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Toshio Iguchi at the Gallery Senkukan

by Monty DiPietro

It's always a pleasure to discover a new exhibition space in Tokyo, especially during these difficult economic times, when the news from the art front is more likely to be negative. The Gallery Senkukan, tucked down a tiny Yoyogi side street, is not, strictly speaking, 'new,' as it opened a little over a year ago. But it has only recently shown up on the radar (well, mine anyhow). This is a great little space, with an eight-tatami-size exhibition space on each of its two floors. It is a hybrid kashi/kikaku gallery -- in Japanese artspeak this means that some of the shows are arranged on a 'kashi,' or rental basis, the artist paying to exhibit; while others are done in the world-standard 'kikaku,' or commercial style, the gallery working on a commission basis with the artist.

The Senkukan's current offering is "Tiny Trace, Calm View," an installation by Toshio Iguchi. The 41 year old Nagano-born, Tokyo based artist has a long interest in unorthodox materials and processes. Recent work shown in a Tokyo office building featured strips of Styrofoam painstakingly sliced into tree-like constructions, then stuck up on the ceiling where they drooped down in as invasive a manner as tree-like constructions can be expected to assume. With his Senkukan show, Iguchi's art has reached a new level of maturity.

Iguchi has installed a series of 14 new works in the gallery's first floor space, these hung away from the walls so that the viewer walks around and through a sort of mini-labyrinth to view them individually. The pieces are about a meter high and 60cm across, and might at first appear to be abstract designs in white paint on glass. On closer inspection, however, it is apparent that they are actually carefully cut pieces of tracing paper sandwiched between sheets of transparent acrylic. Some of the thin line patterns look as if they were derived from patterns found in nature, such as waves on water, or microscopic views of plant cells; while others are the sort of aerial views of streets found in common city maps. The soft-spoken Iguchi doesn't like to comment on the real-world sources of his designs: "I don't want to say exactly where they are taken from," he explains at the opening reception, "because I want them to remain mysterious."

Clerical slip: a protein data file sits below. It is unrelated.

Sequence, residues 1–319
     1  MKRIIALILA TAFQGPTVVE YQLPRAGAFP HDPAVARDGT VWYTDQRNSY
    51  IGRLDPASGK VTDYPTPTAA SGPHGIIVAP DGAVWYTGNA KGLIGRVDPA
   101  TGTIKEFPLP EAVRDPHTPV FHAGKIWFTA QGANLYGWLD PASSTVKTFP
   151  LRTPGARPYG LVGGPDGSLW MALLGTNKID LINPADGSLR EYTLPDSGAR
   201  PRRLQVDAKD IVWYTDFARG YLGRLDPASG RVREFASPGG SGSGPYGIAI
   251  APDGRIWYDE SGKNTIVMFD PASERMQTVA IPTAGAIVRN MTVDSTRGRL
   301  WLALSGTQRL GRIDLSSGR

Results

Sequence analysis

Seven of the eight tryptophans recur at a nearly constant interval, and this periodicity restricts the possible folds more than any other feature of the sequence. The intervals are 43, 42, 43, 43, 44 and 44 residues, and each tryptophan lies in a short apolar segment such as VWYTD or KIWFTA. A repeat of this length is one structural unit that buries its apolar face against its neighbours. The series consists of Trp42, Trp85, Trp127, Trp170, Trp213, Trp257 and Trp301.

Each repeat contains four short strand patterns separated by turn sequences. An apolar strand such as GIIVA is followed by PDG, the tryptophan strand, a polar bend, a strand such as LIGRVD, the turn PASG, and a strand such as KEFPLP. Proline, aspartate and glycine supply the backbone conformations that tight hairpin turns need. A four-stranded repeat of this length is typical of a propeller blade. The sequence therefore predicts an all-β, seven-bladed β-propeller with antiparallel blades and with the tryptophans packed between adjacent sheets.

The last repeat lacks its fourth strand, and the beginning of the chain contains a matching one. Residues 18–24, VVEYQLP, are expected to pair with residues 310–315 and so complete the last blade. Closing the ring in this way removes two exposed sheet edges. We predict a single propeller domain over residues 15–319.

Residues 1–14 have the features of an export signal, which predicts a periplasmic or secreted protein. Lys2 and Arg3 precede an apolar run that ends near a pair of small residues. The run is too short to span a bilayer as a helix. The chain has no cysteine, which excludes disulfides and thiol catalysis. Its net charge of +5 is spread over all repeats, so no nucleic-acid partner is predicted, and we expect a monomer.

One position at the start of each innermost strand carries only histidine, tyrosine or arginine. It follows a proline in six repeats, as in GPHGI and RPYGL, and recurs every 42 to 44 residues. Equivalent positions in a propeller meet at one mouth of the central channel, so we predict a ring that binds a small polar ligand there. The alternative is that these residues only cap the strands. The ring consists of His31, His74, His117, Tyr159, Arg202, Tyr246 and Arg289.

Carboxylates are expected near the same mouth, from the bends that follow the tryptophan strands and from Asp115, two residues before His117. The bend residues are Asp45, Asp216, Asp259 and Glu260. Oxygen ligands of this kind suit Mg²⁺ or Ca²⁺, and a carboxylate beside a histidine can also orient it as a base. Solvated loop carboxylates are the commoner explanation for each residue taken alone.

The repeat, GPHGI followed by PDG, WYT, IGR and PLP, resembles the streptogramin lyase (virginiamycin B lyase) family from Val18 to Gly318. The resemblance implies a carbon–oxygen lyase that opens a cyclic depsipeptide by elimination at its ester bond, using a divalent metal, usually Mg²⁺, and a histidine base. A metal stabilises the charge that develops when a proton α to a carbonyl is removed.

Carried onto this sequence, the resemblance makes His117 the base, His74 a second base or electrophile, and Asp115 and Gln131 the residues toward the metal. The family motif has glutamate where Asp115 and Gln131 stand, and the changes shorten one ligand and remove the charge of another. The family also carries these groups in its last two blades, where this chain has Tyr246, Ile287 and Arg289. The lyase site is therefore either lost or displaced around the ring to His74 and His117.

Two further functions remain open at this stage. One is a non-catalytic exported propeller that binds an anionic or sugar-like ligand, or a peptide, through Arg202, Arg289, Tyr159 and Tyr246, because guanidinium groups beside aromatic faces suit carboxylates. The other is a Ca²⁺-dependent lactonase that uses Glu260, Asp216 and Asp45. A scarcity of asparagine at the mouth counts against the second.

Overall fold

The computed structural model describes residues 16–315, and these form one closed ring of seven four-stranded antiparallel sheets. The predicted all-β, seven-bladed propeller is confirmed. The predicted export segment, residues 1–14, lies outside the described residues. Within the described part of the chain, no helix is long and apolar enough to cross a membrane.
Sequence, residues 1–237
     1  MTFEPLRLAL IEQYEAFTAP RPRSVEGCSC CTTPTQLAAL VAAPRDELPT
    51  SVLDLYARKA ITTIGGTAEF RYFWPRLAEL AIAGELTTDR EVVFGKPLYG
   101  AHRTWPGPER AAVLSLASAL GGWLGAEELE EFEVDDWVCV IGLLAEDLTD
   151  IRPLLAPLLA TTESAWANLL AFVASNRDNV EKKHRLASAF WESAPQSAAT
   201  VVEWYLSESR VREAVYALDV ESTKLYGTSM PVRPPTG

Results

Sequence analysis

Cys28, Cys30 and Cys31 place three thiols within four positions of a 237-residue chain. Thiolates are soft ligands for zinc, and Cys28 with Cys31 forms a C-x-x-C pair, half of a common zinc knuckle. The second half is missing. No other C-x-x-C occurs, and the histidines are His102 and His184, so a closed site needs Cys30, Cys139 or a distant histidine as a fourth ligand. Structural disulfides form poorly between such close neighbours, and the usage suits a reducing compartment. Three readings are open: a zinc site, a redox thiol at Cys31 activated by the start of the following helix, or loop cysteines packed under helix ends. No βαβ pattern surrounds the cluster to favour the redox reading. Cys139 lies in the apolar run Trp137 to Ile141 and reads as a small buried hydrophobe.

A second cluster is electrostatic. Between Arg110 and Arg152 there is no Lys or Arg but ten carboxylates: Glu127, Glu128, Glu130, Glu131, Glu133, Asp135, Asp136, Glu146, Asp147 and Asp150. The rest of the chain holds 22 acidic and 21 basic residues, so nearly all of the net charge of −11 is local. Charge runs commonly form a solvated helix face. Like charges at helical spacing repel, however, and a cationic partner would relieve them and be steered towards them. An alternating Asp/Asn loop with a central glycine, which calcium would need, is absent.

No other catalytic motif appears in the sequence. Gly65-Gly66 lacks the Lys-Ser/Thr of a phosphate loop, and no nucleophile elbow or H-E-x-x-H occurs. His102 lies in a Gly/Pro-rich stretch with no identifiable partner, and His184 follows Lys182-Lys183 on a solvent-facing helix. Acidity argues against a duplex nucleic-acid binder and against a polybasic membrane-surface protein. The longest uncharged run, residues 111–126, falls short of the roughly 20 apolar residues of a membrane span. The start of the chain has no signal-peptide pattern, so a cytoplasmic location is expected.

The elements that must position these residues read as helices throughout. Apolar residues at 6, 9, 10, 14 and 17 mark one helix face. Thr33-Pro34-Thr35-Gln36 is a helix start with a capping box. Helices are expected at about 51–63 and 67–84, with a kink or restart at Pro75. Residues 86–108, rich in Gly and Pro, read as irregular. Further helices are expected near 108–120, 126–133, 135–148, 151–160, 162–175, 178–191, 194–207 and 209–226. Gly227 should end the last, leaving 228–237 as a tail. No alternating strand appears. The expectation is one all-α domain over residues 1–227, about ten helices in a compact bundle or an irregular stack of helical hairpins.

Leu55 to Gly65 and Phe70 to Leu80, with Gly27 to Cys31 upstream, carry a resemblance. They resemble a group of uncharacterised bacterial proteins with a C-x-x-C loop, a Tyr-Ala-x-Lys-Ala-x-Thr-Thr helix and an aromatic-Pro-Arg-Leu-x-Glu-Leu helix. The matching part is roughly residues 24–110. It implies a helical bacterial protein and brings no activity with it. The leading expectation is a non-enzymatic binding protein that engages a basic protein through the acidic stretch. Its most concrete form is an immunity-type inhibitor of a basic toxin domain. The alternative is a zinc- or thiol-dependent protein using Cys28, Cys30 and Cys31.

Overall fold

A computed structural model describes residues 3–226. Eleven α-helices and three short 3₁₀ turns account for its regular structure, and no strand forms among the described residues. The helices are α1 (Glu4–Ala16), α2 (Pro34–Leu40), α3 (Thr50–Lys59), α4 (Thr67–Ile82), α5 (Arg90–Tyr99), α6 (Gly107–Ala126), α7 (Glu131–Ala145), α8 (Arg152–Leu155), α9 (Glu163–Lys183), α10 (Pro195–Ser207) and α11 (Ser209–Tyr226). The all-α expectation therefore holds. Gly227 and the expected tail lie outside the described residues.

Iguchi is less reticent when explaining his intent: "People go through life responding to the things around them," he says. "But rather than simply looking at the scene before us, it happens that we superimpose upon it the memories it evokes, and these peculiar images are the ones we come to hold. [This installation presents] image after image layered one upon the next, and the boundaries of the places they form thus expandů"

One feels a sense of discovery walking through Iguchi's schematics of impression -- have I seen this before; I been here before? The effect of looking through more than one piece at a time multiplies ambiance in a manner that can be either jarring or harmonious, depending on your point of view in the space. Because some of the works are based on city streets while others are born of natural phenomena, there is also an interesting man vs. nature subtext to the installation -- who is the superior architect, man or God? Finally, there is a certain beauty in the fragility of the works, cut as they are from the thinnest of paper. In all, Iguchi has made something refreshingly different here.

Iguchi is showing some 20 smaller works on the gallery's second floor, and noteworthy among these is a series of Rubik's Cube sized transparent boxes, also constructed of nets of tracing paper between sheets of acrylic. Although they take the artist about six hours each to make, these uniques are priced at just 5,000 yen. Iguchi laughs when I point out that convenience store part-timers earn a higher hourly wage selling onigari than he does making this part of his oeuvre. New gallery spaces notwithstanding, some things in the contemporary art world will never change.


Toshio Iguchi's "Tiny Trace, Calm View" is showing to March 13 2002 at the Gallery Senkukan (1-28-1 Yoyogi, Shibuya-ku, Tokyo; 03-5350-8330). The gallery is open 11-7, closed Thursdays.
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